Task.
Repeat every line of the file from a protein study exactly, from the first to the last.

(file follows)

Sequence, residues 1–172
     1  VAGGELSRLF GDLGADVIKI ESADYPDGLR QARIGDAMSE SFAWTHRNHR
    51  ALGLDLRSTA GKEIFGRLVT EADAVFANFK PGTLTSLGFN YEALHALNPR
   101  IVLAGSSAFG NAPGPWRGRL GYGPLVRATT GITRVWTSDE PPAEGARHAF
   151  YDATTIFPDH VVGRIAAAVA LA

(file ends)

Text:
Sequence, residues 1–172
     1  VAGGELSRLF GDLGADVIKI ESADYPDGLR QARIGDAMSE SFAWTHRNHR
    51  ALGLDLRSTA GKEIFGRLVT EADAVFANFK PGTLTSLGFN YEALHALNPR
   101  IVLAGSSAFG NAPGPWRGRL GYGPLVRATT GITRVWTSDE PPAEGARHAF
   151  YDATTIFPDH VVGRIAAAVA LA